On Infinity

Kavis
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On Infinity

God is an entity possessing one or more infinite attributes - omnipotence, omniscience, omni-benevolence, etc.  Let us assume, for the sake of argument, that these infinite attributes are composed of discrete units, each unit being enough of God to produce and sustain one human-like creation.

God: 1  2  3  4  5  -> ∞

 

God "spends" one unit to create one person.

God: 2  3  4  5 -> ∞

Dudes: 1

 

This does not diminish God at all.  God still has an infinite number of these units to spend.  It doesn't matter how many people God creates, there's still an infinite number of units left over.

God: 193 -> ∞

Dudes: 192

 

This is true even if God spends an infinite number of units to create another entity possessing one or more infinite attributes or to create an infinite number of human-like persons. Infinity never runs out.  This leads us to one of three conclusions:

1) God is not infinite.  In which case, why worship something as God that is merely more powerful than we currently are?  Someday, our power may very well rival or outstrip a God of this type.

2) God chose, for whatever reason, not to create peers who could interact with God on God's level.  Why should we worship a God who deliberately creates, inflicts suffering and punishment on, and demands worship from, people who are literally infinitely weaker and helpless in the face of God's will?  I, for one, choose not to worship a divine psychopathic narcissist.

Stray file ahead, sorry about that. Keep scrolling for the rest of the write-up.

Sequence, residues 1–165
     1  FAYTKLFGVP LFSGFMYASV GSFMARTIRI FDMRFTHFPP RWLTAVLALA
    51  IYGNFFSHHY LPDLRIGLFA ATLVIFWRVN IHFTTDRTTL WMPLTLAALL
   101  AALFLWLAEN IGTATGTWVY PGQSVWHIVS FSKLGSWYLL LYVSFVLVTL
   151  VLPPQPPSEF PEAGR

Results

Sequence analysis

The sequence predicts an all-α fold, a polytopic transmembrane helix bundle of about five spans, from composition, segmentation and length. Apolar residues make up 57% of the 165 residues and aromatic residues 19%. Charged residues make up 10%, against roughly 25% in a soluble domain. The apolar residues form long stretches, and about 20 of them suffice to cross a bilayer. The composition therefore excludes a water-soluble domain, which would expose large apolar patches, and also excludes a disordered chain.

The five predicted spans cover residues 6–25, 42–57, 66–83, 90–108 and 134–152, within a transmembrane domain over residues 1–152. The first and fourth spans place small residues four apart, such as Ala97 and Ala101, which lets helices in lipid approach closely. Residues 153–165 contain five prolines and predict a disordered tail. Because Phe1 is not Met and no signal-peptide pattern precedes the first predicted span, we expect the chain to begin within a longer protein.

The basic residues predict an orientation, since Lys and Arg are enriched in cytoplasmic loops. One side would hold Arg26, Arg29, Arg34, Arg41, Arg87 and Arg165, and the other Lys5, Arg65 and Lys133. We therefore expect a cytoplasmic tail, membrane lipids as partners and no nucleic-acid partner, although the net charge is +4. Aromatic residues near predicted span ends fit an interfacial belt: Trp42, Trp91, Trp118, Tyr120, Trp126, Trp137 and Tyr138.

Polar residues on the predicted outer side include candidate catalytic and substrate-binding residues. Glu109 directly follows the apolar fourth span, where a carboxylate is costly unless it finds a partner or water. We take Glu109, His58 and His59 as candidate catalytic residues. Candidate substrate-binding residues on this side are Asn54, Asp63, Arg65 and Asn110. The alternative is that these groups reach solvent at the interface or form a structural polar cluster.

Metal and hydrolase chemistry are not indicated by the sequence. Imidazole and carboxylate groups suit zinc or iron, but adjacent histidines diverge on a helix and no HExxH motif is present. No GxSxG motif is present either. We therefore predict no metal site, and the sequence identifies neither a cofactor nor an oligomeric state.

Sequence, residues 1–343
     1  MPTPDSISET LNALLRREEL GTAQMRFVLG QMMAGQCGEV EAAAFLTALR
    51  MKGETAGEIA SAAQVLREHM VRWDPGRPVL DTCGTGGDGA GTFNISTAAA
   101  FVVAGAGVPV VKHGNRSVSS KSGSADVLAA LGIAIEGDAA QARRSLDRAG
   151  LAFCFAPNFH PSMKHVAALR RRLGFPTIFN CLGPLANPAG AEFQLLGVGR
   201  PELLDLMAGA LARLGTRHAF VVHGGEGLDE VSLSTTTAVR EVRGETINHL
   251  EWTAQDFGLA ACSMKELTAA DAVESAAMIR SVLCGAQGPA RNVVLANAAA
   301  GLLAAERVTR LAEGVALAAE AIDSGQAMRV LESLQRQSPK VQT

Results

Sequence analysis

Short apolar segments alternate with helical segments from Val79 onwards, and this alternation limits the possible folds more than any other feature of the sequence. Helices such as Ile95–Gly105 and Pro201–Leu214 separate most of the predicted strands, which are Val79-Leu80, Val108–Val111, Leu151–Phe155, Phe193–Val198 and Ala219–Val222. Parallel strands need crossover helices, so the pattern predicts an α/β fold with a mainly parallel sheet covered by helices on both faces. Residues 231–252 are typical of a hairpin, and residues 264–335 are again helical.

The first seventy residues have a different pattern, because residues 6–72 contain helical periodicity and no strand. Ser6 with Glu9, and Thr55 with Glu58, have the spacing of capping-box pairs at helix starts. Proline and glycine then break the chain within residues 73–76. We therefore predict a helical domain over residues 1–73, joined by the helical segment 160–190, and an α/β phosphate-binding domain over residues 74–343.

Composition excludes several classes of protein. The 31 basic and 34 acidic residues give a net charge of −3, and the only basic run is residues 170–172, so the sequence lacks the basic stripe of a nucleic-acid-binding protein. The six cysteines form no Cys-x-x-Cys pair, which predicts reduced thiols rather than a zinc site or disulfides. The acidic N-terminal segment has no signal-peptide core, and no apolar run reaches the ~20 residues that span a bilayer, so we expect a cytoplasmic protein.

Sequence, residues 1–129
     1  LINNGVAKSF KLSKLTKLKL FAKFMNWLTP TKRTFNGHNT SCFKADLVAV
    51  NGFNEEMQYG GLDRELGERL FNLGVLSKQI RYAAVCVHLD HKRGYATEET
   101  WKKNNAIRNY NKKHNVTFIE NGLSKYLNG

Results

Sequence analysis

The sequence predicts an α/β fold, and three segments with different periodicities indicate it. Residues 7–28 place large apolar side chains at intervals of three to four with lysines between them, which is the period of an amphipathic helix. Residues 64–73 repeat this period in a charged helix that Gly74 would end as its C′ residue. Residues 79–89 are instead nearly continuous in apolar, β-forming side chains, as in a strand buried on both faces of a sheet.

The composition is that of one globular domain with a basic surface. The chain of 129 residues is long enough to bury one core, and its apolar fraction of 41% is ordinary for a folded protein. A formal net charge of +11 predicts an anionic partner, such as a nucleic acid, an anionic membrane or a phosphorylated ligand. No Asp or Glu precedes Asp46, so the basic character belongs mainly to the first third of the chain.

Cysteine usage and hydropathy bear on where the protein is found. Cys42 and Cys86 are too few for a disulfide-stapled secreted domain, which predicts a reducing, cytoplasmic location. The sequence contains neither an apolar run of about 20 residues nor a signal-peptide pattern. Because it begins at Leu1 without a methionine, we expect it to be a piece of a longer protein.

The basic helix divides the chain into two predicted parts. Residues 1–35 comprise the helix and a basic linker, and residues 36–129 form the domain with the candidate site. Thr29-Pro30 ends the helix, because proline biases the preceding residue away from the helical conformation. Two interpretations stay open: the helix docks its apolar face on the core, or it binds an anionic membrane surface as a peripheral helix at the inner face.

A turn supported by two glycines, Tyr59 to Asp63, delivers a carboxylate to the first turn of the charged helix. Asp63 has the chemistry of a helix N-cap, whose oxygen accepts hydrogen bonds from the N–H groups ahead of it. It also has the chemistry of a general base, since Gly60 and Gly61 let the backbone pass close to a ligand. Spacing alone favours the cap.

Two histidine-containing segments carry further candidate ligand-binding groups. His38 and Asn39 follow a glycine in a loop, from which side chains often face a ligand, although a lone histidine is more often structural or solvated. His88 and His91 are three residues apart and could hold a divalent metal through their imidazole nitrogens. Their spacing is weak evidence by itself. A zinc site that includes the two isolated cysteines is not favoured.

3) God does not exist. The universe is limited, and so are we, because of the boundary conditions of existence.  There's only so much to work with because of the nature of the universe. 


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I don't follow 1) could you

I don't follow 1) could you please elaborate?


Thanks! 


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Alexicov wrote:I don't

Alexicov wrote:

I don't follow 1) could you please elaborate?


Thanks! 

Actually they're all non sequiturs, I see the general idea of what he's trying to get through but they don't follow logically.  Basing definitions on ambiguous terms such as infinite, or my favorite, limitless Eye-wink (see Mr. Metaphysical's ML OA) leads to ridiculous conclusions.  Any omni-x attribute leads to logical inconsistencies, but claiming infinity is a whole other level of inconsistency.

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 Basicly it seems by the